Volkswagen-owned truck maker Scania has promised that by 2030 it will be buying mostly green-hydrogen-derived steel for the manufacture of its heavy-duty vehicles, as part of a deal with its main supplier of steel, Sweden’s SSAB.
In a letter of intent signed on Monday, Scania and SSAB agreed that the truck maker would begin taking deliveries of the green steel (see panel below) in 2026, with the supply gradually ramping up to become completely decarbonised by the end of the decade.
The pair gave no indication as to how much steel this entails, but Scania noted that SSAB is its “main” supplier of steel — suggesting that much of the company’s steel supply will effectively be decarbonised by 2030.
The steel will be produced using hydrogen-based direct-reduced iron (DRI) technology developed by the Hybrit consortium, of which SSAB is a part alongside miner LKAB and power producer Vattenfall.
Hybrit is currently working on building 500MW of electrolysis to supply green hydrogen to its demonstration plant in Gällivare, Sweden, which will produce fossil-free DRI for use in SSAB’s operations.
The demonstration plant, as well as two new electric arc furnaces at SSAB’s steel plant in Oxelösund, near Stockholm, have been granted €143m ($155m) from the EU’s Innovation Fund.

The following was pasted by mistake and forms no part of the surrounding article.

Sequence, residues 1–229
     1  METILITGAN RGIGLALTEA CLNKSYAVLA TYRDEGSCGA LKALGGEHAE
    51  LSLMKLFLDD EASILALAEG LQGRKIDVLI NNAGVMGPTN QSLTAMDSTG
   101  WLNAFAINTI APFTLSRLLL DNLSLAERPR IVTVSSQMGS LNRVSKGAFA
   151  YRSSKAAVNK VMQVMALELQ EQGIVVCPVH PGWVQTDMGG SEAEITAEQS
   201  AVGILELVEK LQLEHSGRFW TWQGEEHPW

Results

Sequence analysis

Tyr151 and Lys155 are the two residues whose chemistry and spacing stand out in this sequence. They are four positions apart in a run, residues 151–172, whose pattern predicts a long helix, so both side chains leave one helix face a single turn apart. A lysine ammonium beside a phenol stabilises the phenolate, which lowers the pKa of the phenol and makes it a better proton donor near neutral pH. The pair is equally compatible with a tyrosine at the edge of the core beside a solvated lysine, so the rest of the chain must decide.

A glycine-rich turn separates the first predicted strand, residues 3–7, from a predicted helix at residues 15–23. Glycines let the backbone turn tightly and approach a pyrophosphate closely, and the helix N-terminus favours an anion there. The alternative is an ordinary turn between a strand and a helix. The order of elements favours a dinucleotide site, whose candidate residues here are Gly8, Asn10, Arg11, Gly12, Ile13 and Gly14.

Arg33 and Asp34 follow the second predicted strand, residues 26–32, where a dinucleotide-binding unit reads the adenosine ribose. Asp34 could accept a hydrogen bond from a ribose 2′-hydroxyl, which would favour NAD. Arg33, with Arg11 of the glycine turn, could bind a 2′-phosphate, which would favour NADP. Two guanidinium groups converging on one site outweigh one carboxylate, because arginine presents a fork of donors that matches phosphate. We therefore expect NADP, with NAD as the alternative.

And Scania, which has pledged to decarbonise the entirety of its European supply chain, comprising batteries, aluminium and cast iron by 2030, has also committed to buy green steel from Sweden’s H2 Green Steel, expected to be the world’s first commercial steel plant if and when it comes on line in 2025.
“We are truly looking forward to ramping up the deliveries of our fossil-free steel, thereby contributing to more sustainable value chains,” said Martin Lindqvist, SSAB’s chief executive. “Fossil-free steel will be a game-changer in heavy transport. It has the same high quality and technical properties as traditional steel. And, while being produced in a sustainable way, it can also be recycled just like steel has always been.”
Hydrogen is widely touted as one of the most promising routes to decarbonising the steel sector, which accounts for around 7% of global emissions at present.
Today, most steel is made using a carbon-intensive blast furnace-basic oxygen furnace (BF-BOF) method, which uses coal to both extract iron from iron-oxide ore and then heat that iron while other substances are introduced to make steel.
Hydrogen can be used instead of coal to both heat and remove oxygen from the ore in a process known as direct-reduced iron (DRI). DRI plants have been in commercial use for some time, using natural gas as the reducing agent, but hydrogen DRI plants are now being commercialised.
Hydrogen-DRI is currently the only available method of fully decarbonising iron production. When paired with an electric arc furnace (EAF) to help turn that iron into steel, emissions could theoretically be reduced to zero.
However, as most plants today still use BF-BOF, it will require a massive amount of capital investment to realise a switchover to hydrogen-DRI and EAF, resulting in slightly more expensive green steel.